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JANICE ANNE ASCOLESE v. COMMONWEALTH PENNSYLVANIA (03/25/87)

decided: March 25, 1987.

JANICE ANNE ASCOLESE, APPELLANT
v.
COMMONWEALTH OF PENNSYLVANIA, DEPARTMENT OF TRANSPORTATION, APPELLEE



Appeal from the Order of the Court of Common Pleas of Centre County, in case of Commonwealth of Pennsylvania v. Janice Anne Ascolese, No. 84-1984.

COUNSEL

Joseph M. Devecka, for appellant.

Harold H. Cramer, Assistant Counsel, with him, Spencer A. Manthorpe, Chief Counsel, and Henry G. Barr, General Counsel, for appellee.

President Judge Crumlish, Jr., Judges Craig, MacPhail, Doyle, Barry, Colins and Palladino. Opinion by Judge Colins.

Author: Colins

[ 105 Pa. Commw. Page 95]

Janice Anne Ascolese (appellant) appeals from an order of the Court of Common Pleas of Centre County (trial court) which, after conducting a de novo hearing,

[ 105 Pa. Commw. Page 96]

    affirmed the suspension of appellant's motor vehicle operating privileges. The Pennsylvania Department of Transportation (DOT) suspended appellant's license for refusing to submit to a chemical analysis of her breath pursuant to Section 1547(b) of the Vehicle Code (Code).*fn1 For the reasons advanced herein, we affirm.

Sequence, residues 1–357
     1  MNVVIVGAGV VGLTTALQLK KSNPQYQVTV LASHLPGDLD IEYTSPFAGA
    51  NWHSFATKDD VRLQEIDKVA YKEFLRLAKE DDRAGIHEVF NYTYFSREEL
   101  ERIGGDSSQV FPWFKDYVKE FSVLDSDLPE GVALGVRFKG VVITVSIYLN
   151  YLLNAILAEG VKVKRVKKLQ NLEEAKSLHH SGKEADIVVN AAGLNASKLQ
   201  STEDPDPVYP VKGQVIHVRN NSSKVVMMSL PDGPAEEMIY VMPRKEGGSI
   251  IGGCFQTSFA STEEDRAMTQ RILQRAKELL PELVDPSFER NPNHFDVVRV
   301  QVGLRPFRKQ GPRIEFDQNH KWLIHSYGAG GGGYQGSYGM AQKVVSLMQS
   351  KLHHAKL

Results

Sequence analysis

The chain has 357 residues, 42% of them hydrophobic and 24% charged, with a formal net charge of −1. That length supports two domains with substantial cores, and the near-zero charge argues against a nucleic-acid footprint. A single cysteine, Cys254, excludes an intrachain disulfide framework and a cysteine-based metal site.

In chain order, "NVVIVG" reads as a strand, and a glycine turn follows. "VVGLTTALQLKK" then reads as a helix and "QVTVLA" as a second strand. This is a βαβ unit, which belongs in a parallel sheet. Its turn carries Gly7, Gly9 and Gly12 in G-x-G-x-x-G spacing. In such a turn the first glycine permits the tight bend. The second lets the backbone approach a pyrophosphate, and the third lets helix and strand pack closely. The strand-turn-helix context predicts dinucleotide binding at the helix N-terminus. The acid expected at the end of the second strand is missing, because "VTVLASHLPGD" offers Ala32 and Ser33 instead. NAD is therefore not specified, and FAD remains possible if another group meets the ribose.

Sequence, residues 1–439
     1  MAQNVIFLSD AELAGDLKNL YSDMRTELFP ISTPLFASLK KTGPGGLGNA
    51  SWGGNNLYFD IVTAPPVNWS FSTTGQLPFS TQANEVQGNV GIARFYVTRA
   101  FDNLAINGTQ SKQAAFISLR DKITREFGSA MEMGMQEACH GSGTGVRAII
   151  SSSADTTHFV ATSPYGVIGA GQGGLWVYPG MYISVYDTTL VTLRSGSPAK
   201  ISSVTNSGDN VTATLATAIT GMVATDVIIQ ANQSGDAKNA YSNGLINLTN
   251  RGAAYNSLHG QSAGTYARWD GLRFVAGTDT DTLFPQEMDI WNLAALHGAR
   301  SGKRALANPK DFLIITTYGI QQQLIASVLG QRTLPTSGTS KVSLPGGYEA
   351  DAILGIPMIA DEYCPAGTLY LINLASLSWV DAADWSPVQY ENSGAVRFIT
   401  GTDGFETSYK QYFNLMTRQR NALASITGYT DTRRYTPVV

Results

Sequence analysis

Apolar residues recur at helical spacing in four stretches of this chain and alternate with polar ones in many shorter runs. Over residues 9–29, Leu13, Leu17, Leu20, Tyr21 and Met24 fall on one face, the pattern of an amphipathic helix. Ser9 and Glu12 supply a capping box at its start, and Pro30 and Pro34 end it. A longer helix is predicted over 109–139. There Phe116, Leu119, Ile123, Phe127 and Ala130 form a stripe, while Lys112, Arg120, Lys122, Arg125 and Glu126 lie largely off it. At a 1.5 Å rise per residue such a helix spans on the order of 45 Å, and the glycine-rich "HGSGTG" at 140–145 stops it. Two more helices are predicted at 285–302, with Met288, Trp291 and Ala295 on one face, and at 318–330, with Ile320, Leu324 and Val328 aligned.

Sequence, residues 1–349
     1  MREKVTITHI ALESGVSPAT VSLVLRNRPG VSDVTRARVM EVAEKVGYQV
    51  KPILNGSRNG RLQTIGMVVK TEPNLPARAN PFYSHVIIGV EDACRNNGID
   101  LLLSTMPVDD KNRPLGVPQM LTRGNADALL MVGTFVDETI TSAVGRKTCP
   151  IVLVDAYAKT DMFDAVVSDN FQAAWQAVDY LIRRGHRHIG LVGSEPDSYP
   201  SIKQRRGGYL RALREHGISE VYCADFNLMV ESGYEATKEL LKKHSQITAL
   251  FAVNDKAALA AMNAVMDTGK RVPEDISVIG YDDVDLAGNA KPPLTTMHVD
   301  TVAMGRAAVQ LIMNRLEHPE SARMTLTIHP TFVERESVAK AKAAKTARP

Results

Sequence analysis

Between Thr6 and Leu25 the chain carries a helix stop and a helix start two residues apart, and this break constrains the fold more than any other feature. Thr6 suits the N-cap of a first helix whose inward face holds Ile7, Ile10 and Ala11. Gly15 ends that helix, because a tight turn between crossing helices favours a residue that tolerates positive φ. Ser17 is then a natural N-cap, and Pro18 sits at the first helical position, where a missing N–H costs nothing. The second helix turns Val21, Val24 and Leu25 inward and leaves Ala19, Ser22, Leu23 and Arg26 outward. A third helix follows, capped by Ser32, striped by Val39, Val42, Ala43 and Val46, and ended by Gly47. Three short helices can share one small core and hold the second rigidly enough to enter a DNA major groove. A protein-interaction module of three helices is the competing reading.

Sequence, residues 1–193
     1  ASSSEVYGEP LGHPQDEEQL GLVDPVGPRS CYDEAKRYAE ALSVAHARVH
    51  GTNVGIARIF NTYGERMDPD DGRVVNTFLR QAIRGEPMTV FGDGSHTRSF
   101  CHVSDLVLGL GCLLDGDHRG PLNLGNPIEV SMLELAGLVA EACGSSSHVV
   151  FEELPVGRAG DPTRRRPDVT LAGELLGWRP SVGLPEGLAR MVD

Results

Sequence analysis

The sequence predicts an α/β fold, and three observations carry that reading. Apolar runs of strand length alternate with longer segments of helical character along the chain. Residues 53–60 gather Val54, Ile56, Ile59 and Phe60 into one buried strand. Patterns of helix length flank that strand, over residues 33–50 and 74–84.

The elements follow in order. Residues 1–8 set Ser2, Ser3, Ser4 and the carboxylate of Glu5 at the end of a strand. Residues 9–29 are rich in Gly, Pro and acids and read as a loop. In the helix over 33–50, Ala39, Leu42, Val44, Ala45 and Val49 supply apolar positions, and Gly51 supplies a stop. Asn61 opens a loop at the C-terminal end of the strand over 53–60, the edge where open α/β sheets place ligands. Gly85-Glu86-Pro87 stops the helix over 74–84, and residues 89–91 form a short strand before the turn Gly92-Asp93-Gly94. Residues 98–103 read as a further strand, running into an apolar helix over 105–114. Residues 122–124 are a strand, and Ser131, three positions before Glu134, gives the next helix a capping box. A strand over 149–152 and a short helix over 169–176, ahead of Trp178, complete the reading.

Our review of this case indicates that appellant was arrested on April 22, 1984, upon the charge of driving while intoxicated. Following her arrest, appellant was transported to the State College Bureau of Police Officers, so that the police officers could administer a chemial analysis of her breath. Appellant refused to submit to the breath test and her license was suspended as a matter of course.

These facts indicate that the requirements of Section 1547(b) of the Code had been met and that appellant's license was properly suspended.*fn2 Appellant, however, argues that her voluntary intoxication prevented her from knowingly and consciously refusing a chemical test. She asserts that since she was incapable of refusing the chemical test, her license was improperly suspended.

[ 105 Pa. Commw. Page 97]

This is the same argument appellant raised before the trial court. In that instance, the trial court ruled that this precise issue had been decided in DOT's favor in Walthour v. Department of Transportation, 74 Pa. Commonwealth Ct. 53, 458 A.2d 1066 (1983).

In her appeal to this Court, appellant requests that we reverse Walthour and remand to the trial court to determine whether, due to her intoxication, she lacked the capacity to knowingly refuse. We shall deny appellant's request and affirm the order of the trial court. In doing so, we, as a Court en banc, state that voluntary intoxication may not serve as a defense in a license suspension procedure based upon refusal to submit to statutorily prescribed testing for blood alcohol content. ...


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